While The Jockey Club’s Experimental Free Handicap (or “Experimental Handicap” as it was initially known) originated in 1933 and has been released annually since 1935, there’s a dearth of easily accessible information on the internet with lists of horses weighted in the earlier years. It’s not difficult to locate the highweights, or weights assigned to notable horses, but it can be challenging to easily find lists of all horses who were weighted each year.
For that reason, I’ve decided to start a series listing all horses weighted in the Experimental Handicap/Experimental Free Handicap on a year-by-year basis from its inception in 1933 through possibly 1965 or so.
Weights assigned by Walter S. Vosburgh for the 1933 Experimental Handicap (2-year-olds of 1933):
126 lbs. – First Minstrel
125 lbs. – Cavalcade
124 lbs. – Singing Wood; High Quest
122 lbs. – Soon Over (GB); Mata Hari (f); Spy Hill
121 lbs. – Elylee
120 lbs. – Hadagal; Bazaar (f)
119 lbs. – Red Wagon; High Glee (f)
118 lbs. – Wise Daughter (f); Far Star (f); Sir Thomas
117 lbs. – Discovery; Roustabout; Jabot (f); Slapdash (f); Black Buddy; Observant; Chicstraw
116 lbs. – Trumpery; Sgt. Byrne; Glendye; Peace Chance
115 lbs. – Kawagoe; Revere; Gay Monarch
114 lbs. – Blue Again; Collateral; Rhythmic (f); Domino Player; Blue for Boys (f)
112 lbs. – Trey; Bonanza; Proud Girl (f); Dreel; Chance Flight; Some Pomp (f); Fortification; Kieva (f)
111 lbs. – Sir Ten; Brown Jack; Agrarian; Holystone
110 lbs. – National Anthem; Propagandist; Bright Haven; Loggia (f); Earnings; Cuirassier; Greyglade (f); Miss Merriment (f)
109 lbs. – Hildur Prince; Moira’s Chief; General Parth; Spoilt Beauty (f); Vicar
108 lbs. – Calycanthus; R. Pinchot; Sonrisa (f)
107 lbs. – Easy Come (f); Wrackdale; Bataille (f); Speed Girl (f)
106 lbs. – Sassafras; Stand Pat; The Triumvir; Rose Cross; Kepi
105 lbs. – Sun Tempest; Front; Maine Chance; Fleam (f); Wise Nat; Hawk Moth (f)
104 lbs. – Yap (f); Dessner; Inflate (f); Kings Minstrel; Sainted
103 lbs. – Captain Argo; Flabbergast (f)
Overall, fifty-five sires were represented among the eighty-four horses weighted, with a total of fifteen stallions having sired more than one horse on the list. Sir Gallahad III lead the list with seven horses listed, with First Minstrel’s sire Royal Minstrel (GB) next with five, followed by John P. Grier with four, and Chicle (FR), Man o’ War, Sickle (GB), and St. Germans (GB) with three. Chatterton, General Lee, High Time, Pompey, Stimulus, The Porter, Wise Counsellor, and Wrack (GB) each had two horses make the list.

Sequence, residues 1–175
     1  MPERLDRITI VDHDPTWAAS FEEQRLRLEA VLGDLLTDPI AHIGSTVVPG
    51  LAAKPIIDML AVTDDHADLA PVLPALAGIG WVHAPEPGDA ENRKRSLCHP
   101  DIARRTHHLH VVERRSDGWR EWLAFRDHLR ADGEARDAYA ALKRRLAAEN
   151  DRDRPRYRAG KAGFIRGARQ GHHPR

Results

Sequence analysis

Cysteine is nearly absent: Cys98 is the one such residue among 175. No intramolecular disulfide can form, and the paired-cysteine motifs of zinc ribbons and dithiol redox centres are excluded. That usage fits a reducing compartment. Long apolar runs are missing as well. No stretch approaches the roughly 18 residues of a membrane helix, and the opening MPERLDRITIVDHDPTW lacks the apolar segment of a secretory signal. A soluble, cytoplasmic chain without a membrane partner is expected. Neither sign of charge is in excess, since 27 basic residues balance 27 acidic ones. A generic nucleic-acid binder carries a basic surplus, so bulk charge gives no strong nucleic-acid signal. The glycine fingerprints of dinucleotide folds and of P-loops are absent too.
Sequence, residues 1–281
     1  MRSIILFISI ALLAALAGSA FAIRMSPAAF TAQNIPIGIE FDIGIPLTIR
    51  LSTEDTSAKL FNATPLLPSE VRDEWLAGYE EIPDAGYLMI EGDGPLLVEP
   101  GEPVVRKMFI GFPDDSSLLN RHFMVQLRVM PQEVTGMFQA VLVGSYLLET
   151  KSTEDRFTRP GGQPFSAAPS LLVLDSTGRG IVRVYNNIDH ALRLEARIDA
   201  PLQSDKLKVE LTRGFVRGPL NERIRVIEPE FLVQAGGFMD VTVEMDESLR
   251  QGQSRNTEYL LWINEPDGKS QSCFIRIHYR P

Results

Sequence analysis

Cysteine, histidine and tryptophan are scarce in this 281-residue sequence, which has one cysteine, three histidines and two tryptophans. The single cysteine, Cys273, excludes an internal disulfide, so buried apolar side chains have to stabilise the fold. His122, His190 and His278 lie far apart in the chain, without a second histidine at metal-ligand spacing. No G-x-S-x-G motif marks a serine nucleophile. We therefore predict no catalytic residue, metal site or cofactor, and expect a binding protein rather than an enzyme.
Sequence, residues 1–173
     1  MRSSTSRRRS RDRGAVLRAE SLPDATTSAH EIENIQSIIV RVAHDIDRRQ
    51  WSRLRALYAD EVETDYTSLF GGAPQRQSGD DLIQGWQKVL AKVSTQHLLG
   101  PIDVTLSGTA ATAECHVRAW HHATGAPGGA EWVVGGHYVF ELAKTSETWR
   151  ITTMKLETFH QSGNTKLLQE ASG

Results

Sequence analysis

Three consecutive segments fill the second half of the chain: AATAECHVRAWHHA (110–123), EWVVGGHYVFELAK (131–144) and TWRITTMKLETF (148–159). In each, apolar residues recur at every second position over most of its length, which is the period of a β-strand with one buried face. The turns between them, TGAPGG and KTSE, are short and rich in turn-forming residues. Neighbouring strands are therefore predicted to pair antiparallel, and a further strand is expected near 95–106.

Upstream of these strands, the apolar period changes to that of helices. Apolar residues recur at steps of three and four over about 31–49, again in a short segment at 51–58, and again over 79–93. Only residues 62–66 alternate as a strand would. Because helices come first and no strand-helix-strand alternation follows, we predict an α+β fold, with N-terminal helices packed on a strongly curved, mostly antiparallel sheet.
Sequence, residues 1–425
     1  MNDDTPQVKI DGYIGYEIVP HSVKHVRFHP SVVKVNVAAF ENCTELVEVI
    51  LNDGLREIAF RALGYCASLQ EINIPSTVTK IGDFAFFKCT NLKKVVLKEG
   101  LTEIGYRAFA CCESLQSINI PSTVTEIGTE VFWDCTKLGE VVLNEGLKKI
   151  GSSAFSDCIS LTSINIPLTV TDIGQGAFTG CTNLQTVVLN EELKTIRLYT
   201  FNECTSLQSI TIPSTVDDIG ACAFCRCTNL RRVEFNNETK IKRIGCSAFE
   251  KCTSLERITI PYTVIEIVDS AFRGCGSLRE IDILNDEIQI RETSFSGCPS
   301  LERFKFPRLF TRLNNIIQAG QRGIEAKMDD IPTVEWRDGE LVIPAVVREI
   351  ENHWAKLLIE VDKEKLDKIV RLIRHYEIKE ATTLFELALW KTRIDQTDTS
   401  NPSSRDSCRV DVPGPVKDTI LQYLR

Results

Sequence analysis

“In the opinion of Water S. Vosburgh, official handicapper of The Jockey Club, Mrs. Payne Whitney’s First Minstrel is entitled to first rating among the two-year-old colts of 1933 and Charles T. Fisher’s Mata Hari stands foremost of the season’s juvenile fillies.
Mr. Vosburgh, generally recognized as America’s leading authority on thoroughbred form, in the December 15 issue of “The Racing Calendar,” the official publication of The Jockey Club, for the first time classified the most prominent two-year-olds that raced in the United States and Canada this year. He calls it “the experimental handicap for two-year-olds of 1933.”
Such a rating, known as the “future handicap,” has been in vogue in England for more than a century and naturally commands the respect not only of bookmakers who lay future prices on most of the English classics but also of horsemen and players generally.
Mr. Vosburgh’s handicap should be particularly interesting to the various operators who make winter books on the Kentucky Derby and Preakness, late closing spring classics for three-year-olds exclusively.
First Minstrel, which won the Sanford and the Junior Champion among other less important victories, is given the post of honor of 126 pounds. This is one pound higher than the rating allowed Mrs. Dodge Sloane’s Cavalcade, winner of the Hyde Park, and two pounds more than Mrs. John Hay Whitney’s Singing Wood, which won The Futurity. Mrs. Slone’s High Quest, which won the Futurity Trial, is rated even with Singing Wood at 124 pounds.
Yet the Dixiana filly Mata Hari, which follows at 122 pounds, the same notch at which are placed Mrs. Payne Whitney’s colts, Soon Over and Spy Hill, really ranks much higher when her sex allowance is taken into consideration. Two-year-old fillies are allowed three pounds in the scale and three-year-old fillies five pound up to September 1; three pounds thereafter. So Mr. Vosburgh’s rating on a two-year-old basis really places Mata Hari second with Cavalcade at 125 pounds, one less than the top weight, First Minstrel. With her five pounds’ allowance as a prospective candidate for leading three-year-old honors, Mata Hari would be elevated to the peak (127), one pound ahead of First Minstrel.
E. R. Bradley’s filly Bazaar, a sensation at Saratoga where she won the Hopeful, is rated two pounds below Mata Hari, but her sex allowance as a three-year-old would move her right behind First Minstrel alongside Cavalcade. Many are likely to disagree with Mr. Vosburgh on his ratings of other leading fillies, particularly of Far Star, a stablemate of Mata Hari, which her stable connections are supposed to consider the better of the two. Far Star and W. S. Burton’s Wise Daughter are both placed two pounds below Bazaar and four below Mata Hari. C. V. Whitney’s High Glee, which beat Bazaar in the Matron, is rated a pound better than these two.
In view of the disappointing performances at Belmont and in Maryland after he had won the Champagne, Warren Wright’s Hadagal seems generously treated with ninth ranking at two pounds better than Sir Thomas, which ran Singing Wood to a head in The Futurity and which would undoubtedly have won had he not lost several lengths for Tony Pascuma in jumping a path across the main track midway of the chute.” (W. J. Macbeth / New York Herald Tribune, 12/17/1933)